Welcome in to the Denver Stiffs Mailbag! Thank you for stopping by. This is the weekly (well, bi-weekly) article where Nuggets fans ask me questions on Twitter and I answer as many as I reasonably can. If you have a question you’d like to ask, don’t hesitate to do so in the comments below or on Twitter!
For now, let’s get right into the questions.
We are at the golden age of Denver basketball, with a team with realistic title goals (when healthy) but fans in the area cannot watch the damn games on cable.— Alexa, search Lucario Prolapse (@SunshineSprkl69) January 3, 2022
Could this ever be rectified or will the Colorado faithful have no choice but to "legally" stream their team's games?
It really is a sad state of affairs. I did the math last night. Nikola Jokić has played 525 regular season and playoff games in his career. Over 200 have occurred since the 2019-20 season began, which is when the Comcast blackout began. Being generous, if the Denver Nuggets were on national TV for about 50 of those games, that means that they weren’t on national TV for about 150 games, AKA roughly 30% of Jokić’s entire career.
According to Mike Singer of the Denver Post back on December 17th, Altitude TV, the KSE producer of coverage for the Nuggets, Colorado Avalanche, and others, made it clear that they would be willing to work through a mediator to come to terms on a new cable deal. This was more or less an admission by Altitude that they had to weaken their stance on the terms Comcast was offering, and perhaps that helps move both parties in a direction more amenable. We will see if that actually happens, but the first step has at least come out publicly.
Either way, it would be nice to watch the Nuggets away games from the comfort of my couch rather than on my 15-inch laptop screen.
What would Denver’s record be if our intended starting lineup was top 3 in the NBA in minutes— JokicFeverDream (@MaptimeArcata) January 3, 2022
So, this is a fascinating question because I’m not sure how much the actual starting lineup would be helped. As great as Jamal Murray and Michael Porter Jr. are, the process for the replacement starting lineup has been very good. The replacement starting unit of Monte Morris, Will Barton, Aaron Gordon, Jeff Green, and Nikola Jokić actually ranks sixth in the NBA with 251 minutes, and its +7.9 net rating is pretty good, only trailing the Golden State Warriors and Utah Jazz starting units.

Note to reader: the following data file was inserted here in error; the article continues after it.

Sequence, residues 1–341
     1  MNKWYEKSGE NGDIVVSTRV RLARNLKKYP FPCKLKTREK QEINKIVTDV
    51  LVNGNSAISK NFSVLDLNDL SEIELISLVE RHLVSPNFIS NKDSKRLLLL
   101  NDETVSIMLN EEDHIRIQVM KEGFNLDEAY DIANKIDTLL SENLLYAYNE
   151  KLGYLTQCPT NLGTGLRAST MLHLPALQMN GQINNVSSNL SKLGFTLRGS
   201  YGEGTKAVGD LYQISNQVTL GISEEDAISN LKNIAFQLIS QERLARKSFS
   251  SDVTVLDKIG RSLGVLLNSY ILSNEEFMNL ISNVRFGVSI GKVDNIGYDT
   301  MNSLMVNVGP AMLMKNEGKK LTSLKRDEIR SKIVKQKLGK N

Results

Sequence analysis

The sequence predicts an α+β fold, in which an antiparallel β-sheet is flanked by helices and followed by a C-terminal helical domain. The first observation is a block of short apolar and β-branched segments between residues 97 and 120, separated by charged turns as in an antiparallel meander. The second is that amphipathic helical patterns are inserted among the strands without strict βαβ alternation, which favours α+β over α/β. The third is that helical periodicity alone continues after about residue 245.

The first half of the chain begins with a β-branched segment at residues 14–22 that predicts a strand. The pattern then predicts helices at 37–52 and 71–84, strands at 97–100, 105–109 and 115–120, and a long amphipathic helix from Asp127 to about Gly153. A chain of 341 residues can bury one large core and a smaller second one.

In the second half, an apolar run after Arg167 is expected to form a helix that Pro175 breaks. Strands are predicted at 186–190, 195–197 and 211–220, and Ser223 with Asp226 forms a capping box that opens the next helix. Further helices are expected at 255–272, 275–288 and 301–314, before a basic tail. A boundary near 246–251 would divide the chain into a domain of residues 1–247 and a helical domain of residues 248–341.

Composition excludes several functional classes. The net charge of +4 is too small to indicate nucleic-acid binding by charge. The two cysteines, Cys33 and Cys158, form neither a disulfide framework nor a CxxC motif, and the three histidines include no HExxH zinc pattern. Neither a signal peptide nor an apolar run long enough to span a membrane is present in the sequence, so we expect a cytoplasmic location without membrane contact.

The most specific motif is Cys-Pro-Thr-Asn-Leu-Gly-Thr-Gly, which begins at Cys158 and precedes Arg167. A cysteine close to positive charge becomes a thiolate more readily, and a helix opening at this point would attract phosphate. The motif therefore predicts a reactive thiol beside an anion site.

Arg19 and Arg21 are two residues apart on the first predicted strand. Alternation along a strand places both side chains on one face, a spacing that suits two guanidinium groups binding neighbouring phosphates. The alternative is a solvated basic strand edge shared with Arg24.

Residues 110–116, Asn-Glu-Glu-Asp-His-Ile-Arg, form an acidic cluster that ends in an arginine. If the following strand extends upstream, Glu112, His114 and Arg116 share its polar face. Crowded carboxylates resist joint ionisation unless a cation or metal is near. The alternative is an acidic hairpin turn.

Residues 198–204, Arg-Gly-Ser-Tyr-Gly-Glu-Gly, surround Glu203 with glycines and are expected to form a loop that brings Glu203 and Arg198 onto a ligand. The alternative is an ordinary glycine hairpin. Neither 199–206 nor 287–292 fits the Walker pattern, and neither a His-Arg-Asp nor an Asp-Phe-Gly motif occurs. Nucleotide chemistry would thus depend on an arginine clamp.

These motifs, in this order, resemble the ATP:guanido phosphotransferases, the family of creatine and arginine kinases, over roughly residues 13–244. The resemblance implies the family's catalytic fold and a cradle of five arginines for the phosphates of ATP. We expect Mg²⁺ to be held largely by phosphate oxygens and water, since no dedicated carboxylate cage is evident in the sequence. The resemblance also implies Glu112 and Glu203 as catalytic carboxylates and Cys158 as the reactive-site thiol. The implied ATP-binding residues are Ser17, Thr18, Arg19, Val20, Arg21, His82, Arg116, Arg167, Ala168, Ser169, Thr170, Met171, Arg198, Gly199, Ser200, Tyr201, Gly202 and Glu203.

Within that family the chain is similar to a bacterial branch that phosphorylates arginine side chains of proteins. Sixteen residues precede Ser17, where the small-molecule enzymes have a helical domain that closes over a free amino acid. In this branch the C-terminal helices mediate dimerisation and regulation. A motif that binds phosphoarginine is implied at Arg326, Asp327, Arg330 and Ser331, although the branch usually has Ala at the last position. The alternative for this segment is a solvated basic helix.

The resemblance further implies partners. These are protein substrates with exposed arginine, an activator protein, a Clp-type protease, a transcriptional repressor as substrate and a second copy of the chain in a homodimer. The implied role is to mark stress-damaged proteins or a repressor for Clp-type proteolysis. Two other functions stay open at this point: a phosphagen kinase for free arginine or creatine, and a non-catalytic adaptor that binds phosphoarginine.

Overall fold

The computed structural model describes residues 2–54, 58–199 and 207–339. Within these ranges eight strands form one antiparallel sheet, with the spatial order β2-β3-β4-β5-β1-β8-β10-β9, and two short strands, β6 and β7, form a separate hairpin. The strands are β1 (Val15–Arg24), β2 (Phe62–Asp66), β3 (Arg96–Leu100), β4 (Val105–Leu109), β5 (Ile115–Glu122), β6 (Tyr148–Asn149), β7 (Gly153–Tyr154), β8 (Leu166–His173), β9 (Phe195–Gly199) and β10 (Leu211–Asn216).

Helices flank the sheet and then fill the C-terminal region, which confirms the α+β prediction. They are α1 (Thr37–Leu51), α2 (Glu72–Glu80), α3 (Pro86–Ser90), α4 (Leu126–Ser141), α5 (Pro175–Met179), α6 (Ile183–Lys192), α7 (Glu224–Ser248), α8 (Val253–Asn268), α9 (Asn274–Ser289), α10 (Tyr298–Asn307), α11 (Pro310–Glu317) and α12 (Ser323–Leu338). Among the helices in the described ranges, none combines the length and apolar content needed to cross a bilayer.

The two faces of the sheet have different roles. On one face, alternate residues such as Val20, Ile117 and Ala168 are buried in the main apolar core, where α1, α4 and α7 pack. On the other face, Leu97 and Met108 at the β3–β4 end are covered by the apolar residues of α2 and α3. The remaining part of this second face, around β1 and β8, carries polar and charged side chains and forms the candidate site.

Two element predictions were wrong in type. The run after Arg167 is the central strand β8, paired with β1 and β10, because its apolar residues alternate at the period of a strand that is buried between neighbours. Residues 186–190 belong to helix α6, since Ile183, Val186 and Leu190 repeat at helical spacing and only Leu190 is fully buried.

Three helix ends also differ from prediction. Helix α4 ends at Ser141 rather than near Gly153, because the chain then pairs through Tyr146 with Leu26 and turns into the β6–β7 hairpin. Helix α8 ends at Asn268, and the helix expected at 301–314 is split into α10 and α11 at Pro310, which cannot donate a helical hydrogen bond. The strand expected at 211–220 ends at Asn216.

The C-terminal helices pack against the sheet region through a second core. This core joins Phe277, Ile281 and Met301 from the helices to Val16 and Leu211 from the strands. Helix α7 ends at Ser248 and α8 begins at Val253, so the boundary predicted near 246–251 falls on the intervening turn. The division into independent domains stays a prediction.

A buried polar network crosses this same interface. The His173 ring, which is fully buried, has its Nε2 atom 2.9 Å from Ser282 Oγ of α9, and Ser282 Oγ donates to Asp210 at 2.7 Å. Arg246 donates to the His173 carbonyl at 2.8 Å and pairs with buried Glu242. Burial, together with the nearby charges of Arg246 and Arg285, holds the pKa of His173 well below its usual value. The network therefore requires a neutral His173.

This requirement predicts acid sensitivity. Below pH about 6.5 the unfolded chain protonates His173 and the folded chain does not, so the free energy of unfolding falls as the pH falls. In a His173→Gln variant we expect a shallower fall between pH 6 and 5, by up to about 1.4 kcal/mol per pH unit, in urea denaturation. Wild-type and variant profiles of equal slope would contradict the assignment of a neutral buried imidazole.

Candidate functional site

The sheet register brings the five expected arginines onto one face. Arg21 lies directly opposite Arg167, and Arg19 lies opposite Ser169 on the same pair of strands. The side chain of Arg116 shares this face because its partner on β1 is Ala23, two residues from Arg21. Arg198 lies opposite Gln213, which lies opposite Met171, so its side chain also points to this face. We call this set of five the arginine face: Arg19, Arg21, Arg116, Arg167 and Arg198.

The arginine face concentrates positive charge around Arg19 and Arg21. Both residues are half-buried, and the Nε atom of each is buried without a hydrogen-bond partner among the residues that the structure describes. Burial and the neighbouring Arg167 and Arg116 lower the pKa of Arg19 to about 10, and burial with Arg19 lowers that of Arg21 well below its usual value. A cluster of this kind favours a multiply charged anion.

Where the most impact would be felt is in the residual units. Among Denver’s top 10 most played lineups, only four have a positive plus-minus, and all of those are variations of a Morris, Gordon, and Jokić lineup. Adding Murray and Porter back into the mix means allowing for more flexibility in non-Jokić lineups, perhaps turning them into positives rather than times to be feared.
Jokić’s raw plus-minus when on the court is +199 in 941 minutes. Off the court, it’s -194 in 696 minutes. Let’s round those values off and say it’s +200 in 940 minutes and -200 in 700 minutes.
If Murray and Porter are back, the Jokić on-court number doesn’t change that much. Let’s say it goes to +225 or so in those 940 minutes. Pretty good. I’d imagine the Jokić off-court number drops down to about -100 in 700 minutes if Denver’s intended starters were healthy enough to stagger with the second unit as needed. That evens out to +125 in 34 games.
Those numbers may not mean a lot to some, so here’s a way to simplify it: the Chicago Bulls are +126 in 34 games themselves, and they have a record of 24-10.
If Murray and Porter were healthy, I’d conservatively predict that the Nuggets would be about 24-10, which would be two wins away from the Utah Jazz for the 3 seed in the West. Some fans may assume more than that, and they might be right, but 24-10 feels pretty good. It translates to roughly a 58-win pace, firmly in the race for the top seed in the conference.
Any new time line as far as @BeMore27 return. Still Febuary or maybe sooner?— Buc Nasty (@IdahoGabe) January 3, 2022
So, I would be shocked if Jamal Murray returned any time before about February 10th but would be surprised if he was held out to any time after about March 15th or so.
This is based not just on what I’m hearing, but also on what I’m seeing and what goes into ACL rehab. Murray posted a video on Instagram of him throwing down a windmill dunk (taken from the wonderful Katy Winge’s Twitter here.)
What’s up 2022 Jamal Murray.— Katy Winge (@katywinge) January 2, 2022
This is from his Instagram, caption “256 days out” pic.twitter.com/wr6JaE6Mv0
Murray’s clearly making great progress. There have been no true speed bumps from what I’ve been told, and though Michael Malone said not to be disappointed if he doesn’t play in January or February, I’ve heard February is still a genuine possibility.
Don’t expect January though, and here’s why: there are competitive steps Murray will have to take once he’s fully cleared for basketball activities, including 3v3 and 5v5 reps that just can’t be simulated in rehab. Murray will take those steps, but once he does, it’s probably fair to start the clock on his return for “four to six weeks from that point.” Obviously, changes to the timetable can occur based on how Murray feels and other extenuating circumstances, but Murray and the organization will look to satisfy all benchmarks before even thinking about an actual game. That takes time.
So, pay attention to whether Murray is practicing against live competition or not. That’s probably the best indicator going forward, more so than anything I can share.
Favorite Facu pass from his time with the Nuggets so far?— Greger (@GP_Nuggets) January 3, 2022
There are so many to choose from! How can I pick just one?!
Actually, my favorite came to mind almost immediately. It was last season against the Los Angeles Lakers when Facu Campazzo passed the ball to Zeke Nnaji for a corner threeright by Kyle Kuzma’s ear.